Plaintiff next argues that MCL 600.2966 and MCL 600.2967 are unconstitutional because the original house bill was amended so that its original purpose was changed in violation of the second sentence of Const. 1963, art. 4, 24. A determination whether an amendment or substitute act changed the original purpose depends on whether the subject matter of the amendment or substitute was germane to the original purpose. Cynar, supra at 86, 651 N.W.2d 136. “The test of germaneness is much like the standard for determining whether a bill is limited to a single object.” People v. Kevorkian, 447 Mich. 436, 461, 527 N.W.2d 714 (1994).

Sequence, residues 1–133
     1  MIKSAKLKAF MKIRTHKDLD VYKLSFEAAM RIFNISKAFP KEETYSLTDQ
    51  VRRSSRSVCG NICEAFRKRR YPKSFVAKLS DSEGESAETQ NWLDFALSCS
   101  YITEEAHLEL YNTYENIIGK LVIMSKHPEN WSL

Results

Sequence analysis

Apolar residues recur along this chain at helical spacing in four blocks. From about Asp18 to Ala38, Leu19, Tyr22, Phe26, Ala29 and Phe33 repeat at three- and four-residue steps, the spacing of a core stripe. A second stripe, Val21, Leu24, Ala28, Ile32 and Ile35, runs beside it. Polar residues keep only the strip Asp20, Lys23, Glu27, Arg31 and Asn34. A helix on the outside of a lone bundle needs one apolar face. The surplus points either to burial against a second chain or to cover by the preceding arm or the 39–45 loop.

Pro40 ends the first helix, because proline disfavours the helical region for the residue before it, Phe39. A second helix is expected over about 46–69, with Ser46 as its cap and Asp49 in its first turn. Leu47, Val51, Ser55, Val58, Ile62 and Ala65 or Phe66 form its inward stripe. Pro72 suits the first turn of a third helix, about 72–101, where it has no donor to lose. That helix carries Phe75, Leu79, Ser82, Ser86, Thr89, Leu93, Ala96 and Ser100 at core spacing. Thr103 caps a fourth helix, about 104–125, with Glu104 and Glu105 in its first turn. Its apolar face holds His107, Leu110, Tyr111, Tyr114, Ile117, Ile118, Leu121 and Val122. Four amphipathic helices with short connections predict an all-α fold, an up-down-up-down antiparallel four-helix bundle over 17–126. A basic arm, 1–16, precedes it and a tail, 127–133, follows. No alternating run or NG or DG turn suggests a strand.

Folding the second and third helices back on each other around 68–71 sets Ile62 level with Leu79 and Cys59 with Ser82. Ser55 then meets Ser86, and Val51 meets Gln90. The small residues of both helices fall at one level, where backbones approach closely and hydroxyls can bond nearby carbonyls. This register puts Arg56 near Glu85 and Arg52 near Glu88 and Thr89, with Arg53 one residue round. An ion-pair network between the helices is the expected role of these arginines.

The original bill as introduced in the House on January 8, 1997, proposed a statute to amend the RJA that provided: “The common law doctrine that precludes a fire fighter or police officer from recovering damages for injuries arising from the normal, inherent, and foreseeable risks of his or her profession is abolished.” 1997 HB 4044. Plaintiff argues that because the purpose of the bill was only to abolish the common-law rule, MCL 600.2965 is constitutional, while MCL 600.2966 and MCL 600.2967 are not. We disagree. The subsequent amendments of HB 4044 were germane to the original bill's purpose; that is, the amendments were not so diverse from the original purpose as to have no necessary connection to it. The original version sought to abolish the common-law firefighter's rule so as to give firefighters and police officers a greater ability to recover for injuries caused by another's negligence. The amendments simply prescribed the circumstances under which a firefighter or police officer could recover. “ ‘Where ․ the changes fall within the general purpose of the original bill, or are extensions of it, the Court has termed them germane.’ ” Anderson v. Oakland Co. Clerk, 419 Mich. 313, 328, 353 N.W.2d 448 (1984), quoting United States Gypsum Co. v. Dep't of Revenue, 363 Mich. 548, 554, 110 N.W.2d 698 (1961).